The Ethics Of Rape Culture: Victim Blaming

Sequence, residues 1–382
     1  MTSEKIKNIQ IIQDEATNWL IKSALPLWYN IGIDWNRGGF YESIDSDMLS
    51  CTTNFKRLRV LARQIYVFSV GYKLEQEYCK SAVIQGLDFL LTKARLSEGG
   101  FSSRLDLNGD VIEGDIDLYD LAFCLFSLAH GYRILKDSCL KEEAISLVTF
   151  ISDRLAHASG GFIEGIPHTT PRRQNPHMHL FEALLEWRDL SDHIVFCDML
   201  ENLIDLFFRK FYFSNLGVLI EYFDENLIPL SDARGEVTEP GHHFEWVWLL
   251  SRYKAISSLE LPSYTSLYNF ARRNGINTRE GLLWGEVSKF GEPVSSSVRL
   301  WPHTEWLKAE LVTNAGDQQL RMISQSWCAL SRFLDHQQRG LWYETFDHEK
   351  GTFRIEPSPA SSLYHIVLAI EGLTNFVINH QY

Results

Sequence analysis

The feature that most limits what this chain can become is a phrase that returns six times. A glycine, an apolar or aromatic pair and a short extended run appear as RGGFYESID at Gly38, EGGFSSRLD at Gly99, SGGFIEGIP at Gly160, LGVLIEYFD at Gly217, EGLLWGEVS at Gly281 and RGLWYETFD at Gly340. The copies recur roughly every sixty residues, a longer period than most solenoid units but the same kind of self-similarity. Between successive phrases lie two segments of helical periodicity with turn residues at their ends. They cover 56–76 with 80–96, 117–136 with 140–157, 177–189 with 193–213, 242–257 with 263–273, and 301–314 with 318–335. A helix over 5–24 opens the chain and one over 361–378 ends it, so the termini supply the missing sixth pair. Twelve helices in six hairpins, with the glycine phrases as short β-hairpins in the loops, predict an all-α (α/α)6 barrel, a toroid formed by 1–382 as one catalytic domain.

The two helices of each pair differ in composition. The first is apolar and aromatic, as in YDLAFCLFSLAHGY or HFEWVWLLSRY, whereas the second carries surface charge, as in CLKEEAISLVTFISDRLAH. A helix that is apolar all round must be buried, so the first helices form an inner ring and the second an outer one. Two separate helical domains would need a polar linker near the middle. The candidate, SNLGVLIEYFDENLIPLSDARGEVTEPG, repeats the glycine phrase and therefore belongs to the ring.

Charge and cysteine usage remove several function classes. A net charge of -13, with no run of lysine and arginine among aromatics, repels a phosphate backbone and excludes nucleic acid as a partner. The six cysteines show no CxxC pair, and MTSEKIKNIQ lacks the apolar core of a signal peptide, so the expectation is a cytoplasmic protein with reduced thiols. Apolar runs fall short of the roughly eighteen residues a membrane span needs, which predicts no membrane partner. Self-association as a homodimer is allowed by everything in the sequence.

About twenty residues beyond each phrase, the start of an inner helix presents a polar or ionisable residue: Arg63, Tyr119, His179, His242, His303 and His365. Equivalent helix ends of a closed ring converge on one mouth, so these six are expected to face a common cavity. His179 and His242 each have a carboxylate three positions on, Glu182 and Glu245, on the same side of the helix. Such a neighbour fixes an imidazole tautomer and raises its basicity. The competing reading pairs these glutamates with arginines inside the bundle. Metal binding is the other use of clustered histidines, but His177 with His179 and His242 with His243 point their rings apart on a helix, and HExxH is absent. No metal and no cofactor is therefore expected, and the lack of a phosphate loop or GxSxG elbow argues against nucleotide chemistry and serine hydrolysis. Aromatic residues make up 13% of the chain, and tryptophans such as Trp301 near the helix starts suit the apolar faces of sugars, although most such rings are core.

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It is no secret that rape culture is overwhelmingly prevailing in the modern era. Rape culture is a society or environment where there is a normalization of sexual assault and abuse. It is not just the fixate on high-profile rape cases, such as Harvey Weinstein’s infamous scandal latterly in 2017, but it includes, and is not limited to: victim blaming, sexually derogatory comments, and lenient punishments determined in the courtroom. There are numerous topics that come with the ethics of rape culture, some being controverted for many years. One of many said matters is whether abortion is an ethical step if the pregnancy was the result of a rape. In this paper, each aspect of rape culture listed above will be scrutinized through this question: how does America’s court system and its inconsistent penalty for rape crimes contribute to the presence of rape culture? This examination is exceptionally relevant to society and what the United States has faced in 2018, along with what the country will face in 2019 regarding equality, oppression of women, and the leniency of ravishment malefactions. The ethical lens that will be the focal point throughout this essay will not only investigate the general subject of rape culture, but will delve into the morality of the concerns that come along with it.